Kennedy writes, “The great bulk of black American voters -- upward of 90% -- supported Obama in 2008 and do so today.” He might want to reconsider this point based upon more recent data from the Washington Post that states, “New cracks have begun to show in President Obama’s support amongst African Americans, … Five months ago, 83 percent of African Americans held “strongly favorable” views of Obama, but in a new Washington Post-ABC news poll that number has dropped to 58 percent.”

Finally, Professor Kennedy writes, that African Americans support President Obama, “…because of his party affiliation, his liberal policy preferences, his identification with the African-American community … his personal attractiveness -- he is uncommonly articulate, handsome, knowledgeable and gracious -- and the fact that with all of the added burdens attendant to his blackness, he was still able to climb the Mount Everest of American politics.”

Contrast Kennedy’s assessment of the basis of the African American community’s support with how President Obama demonstrated his support to the Hispanic community. He nominated the first Hispanic female Supreme Court Justice. He also supports the Hispanic communities call for comprehensive immigration reform. He demonstrated his support to the Gay/Lesbian community, by supporting the ending of the military’s “Don’t Ask Don’t Tell” policy. To demonstrate his support for women and feminists in America he signed the “Lilly Ledbetter Fair Pay Act”. Even as the tide shifts in the Middle-East, the Obama Administration continues to provide unyielding support for Zionist interests in America. These are real policy outcomes, not abstract political sentiments.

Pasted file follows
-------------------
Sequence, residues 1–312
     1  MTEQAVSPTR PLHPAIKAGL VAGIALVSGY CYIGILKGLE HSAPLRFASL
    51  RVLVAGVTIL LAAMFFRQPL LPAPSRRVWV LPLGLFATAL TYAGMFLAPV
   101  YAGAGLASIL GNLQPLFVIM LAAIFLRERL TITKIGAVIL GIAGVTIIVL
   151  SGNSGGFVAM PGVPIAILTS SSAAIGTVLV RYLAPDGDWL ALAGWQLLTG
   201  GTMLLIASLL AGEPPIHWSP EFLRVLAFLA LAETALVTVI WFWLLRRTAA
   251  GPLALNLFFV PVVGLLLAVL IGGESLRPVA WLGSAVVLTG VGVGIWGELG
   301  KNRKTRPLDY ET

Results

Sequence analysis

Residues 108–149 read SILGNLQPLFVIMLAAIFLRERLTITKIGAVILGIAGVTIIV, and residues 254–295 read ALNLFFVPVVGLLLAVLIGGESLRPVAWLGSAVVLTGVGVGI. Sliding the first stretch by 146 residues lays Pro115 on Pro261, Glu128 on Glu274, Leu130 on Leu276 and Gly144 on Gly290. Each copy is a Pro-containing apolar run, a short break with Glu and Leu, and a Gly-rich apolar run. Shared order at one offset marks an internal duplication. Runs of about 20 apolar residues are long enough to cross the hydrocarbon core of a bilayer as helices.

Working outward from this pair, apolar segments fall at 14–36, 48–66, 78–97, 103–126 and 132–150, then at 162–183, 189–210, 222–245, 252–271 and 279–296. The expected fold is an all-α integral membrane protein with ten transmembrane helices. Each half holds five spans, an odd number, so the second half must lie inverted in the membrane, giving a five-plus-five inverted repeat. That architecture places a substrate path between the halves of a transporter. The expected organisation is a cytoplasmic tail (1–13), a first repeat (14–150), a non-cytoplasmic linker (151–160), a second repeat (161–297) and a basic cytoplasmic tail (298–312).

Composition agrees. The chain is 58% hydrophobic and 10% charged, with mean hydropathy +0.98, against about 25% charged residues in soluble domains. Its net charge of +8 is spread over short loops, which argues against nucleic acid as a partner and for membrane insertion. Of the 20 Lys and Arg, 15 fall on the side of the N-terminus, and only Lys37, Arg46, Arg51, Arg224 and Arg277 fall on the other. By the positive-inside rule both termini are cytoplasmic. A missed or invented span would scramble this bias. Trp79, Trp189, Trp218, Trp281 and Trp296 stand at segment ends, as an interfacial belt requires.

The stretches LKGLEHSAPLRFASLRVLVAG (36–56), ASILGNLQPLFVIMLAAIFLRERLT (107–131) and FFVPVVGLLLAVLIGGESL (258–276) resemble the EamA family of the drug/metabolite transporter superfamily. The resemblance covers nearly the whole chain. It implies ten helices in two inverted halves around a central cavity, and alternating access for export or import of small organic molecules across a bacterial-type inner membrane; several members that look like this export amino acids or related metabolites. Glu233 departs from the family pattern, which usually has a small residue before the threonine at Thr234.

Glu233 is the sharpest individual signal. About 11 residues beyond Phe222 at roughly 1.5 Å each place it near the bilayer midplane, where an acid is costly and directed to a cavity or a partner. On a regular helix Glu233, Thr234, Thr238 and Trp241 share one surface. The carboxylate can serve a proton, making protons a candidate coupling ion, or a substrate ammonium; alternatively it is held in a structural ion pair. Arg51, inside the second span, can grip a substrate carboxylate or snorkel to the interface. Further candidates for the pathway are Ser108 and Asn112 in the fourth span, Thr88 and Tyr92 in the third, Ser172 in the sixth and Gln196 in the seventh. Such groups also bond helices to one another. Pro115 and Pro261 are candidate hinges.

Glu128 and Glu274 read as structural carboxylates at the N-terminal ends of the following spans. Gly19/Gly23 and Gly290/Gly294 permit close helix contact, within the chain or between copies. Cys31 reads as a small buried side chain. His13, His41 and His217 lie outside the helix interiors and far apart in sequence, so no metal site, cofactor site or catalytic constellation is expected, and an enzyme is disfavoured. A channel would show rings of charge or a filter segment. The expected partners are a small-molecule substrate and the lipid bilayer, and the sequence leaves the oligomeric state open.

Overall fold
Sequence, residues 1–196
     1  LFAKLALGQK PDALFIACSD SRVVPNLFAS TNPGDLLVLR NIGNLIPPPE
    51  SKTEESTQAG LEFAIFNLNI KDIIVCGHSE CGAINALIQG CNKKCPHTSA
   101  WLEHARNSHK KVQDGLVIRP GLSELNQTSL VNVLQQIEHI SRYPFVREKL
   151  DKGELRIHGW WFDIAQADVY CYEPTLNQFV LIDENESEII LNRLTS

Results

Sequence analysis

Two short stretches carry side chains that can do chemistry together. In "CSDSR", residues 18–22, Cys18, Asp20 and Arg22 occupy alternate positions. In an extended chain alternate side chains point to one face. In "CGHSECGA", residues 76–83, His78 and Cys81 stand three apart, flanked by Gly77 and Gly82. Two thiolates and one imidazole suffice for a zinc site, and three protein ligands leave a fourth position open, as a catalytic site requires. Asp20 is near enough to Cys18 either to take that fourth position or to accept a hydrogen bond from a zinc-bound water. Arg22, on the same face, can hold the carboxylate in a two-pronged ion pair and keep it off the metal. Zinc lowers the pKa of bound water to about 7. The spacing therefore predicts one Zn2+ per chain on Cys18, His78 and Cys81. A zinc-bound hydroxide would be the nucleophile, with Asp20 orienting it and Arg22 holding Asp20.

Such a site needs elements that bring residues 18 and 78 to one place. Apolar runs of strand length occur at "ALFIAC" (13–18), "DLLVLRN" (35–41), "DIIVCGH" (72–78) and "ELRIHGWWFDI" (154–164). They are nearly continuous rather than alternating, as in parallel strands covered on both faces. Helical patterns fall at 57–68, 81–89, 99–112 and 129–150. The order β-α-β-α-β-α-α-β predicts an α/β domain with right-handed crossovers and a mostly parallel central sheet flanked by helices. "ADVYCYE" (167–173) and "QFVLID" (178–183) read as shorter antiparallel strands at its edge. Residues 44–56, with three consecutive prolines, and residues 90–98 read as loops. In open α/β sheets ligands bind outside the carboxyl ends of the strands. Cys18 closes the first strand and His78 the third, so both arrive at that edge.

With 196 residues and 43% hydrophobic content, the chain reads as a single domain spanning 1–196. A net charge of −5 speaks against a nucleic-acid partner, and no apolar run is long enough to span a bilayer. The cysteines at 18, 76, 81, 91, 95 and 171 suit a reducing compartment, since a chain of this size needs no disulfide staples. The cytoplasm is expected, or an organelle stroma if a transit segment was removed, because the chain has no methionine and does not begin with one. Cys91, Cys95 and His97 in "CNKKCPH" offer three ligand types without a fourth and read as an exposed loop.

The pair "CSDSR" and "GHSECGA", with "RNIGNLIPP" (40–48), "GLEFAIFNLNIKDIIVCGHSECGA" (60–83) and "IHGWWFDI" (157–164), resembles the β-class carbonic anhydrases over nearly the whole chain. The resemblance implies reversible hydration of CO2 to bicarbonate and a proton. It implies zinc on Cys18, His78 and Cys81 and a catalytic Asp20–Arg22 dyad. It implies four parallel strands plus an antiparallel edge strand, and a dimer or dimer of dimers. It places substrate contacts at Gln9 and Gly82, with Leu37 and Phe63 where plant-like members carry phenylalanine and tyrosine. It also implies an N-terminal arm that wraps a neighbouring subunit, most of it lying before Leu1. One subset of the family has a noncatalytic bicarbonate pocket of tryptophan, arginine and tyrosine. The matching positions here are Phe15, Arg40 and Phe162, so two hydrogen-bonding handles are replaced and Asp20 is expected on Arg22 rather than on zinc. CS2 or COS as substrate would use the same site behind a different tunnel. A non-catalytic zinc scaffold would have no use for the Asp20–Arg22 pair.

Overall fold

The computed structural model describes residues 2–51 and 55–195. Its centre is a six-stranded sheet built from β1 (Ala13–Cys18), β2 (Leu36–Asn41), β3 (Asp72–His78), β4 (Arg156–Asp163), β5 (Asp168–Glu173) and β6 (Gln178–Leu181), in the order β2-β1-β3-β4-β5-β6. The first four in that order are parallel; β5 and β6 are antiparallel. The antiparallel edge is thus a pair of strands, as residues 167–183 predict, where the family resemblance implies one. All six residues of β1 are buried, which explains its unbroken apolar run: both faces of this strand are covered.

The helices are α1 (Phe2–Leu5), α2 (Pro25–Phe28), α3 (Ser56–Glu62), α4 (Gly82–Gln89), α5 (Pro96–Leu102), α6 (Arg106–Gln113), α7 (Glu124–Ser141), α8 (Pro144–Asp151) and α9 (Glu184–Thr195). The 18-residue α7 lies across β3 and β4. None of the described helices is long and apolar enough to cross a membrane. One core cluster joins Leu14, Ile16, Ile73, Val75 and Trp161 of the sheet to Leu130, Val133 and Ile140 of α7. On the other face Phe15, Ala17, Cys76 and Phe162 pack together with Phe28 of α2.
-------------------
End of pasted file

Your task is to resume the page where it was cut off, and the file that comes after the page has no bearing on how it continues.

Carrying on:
Here’s some real data for Kennedy and others to consider. The economy started its most recent decline during the George W. Bush administration. African American households lost over half their wealth between 2005 and 2009. If, these same “black detractors” as Kennedy describes them, were not wrong to criticize President Bush; why should we sit ideally by as the situation grows worse under President Obama? Chairman of the Congressional Black Caucus Rep. Emanuel Cleaver (D-MO) recently said, “If (former President) Bill Clinton had been in the White House and had failed to address this problem, we probably would be marching on the White House”

I respect Professor Kennedy but in this instance his analysis is shallow, wrong, and misguided. When you ignore the issues in support of a politician and do not hold them accountable for what they promise, you get the same outcomes. You get an inability to address unemployment rates in your community of 18%.

Wilmer Leon is the Producer/ Host of the nationally broadcast call-in talk radio program “Inside the Issues with Wilmer Leon,” and a Teaching Associate in the Department of Political Science at Howard University in Washington, D.C. Go to or email:
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WizardG said...

When you learn to understand the machinations of the Anglo-elite and realize the grand scale of their power. You will understand that Mr. Obama is serving them and their purposes. These purposes expressly concern "blacks"-Africans, but not in a good way! Whites have never considered "blacks" in a good way!
When you understand that they can pick any "black" they want and place him anywhere they want for their own aggrandizement. Then you will understand that Mr. Obama is not there for you in any capacity and you will understand that there is very little you can say or do that will change the outcome of the African American's life in this very white-supremacist racist country! They kill leaders of other countries like they kill our people in the streets and prisons. You can forget about Obama..He is not your friend!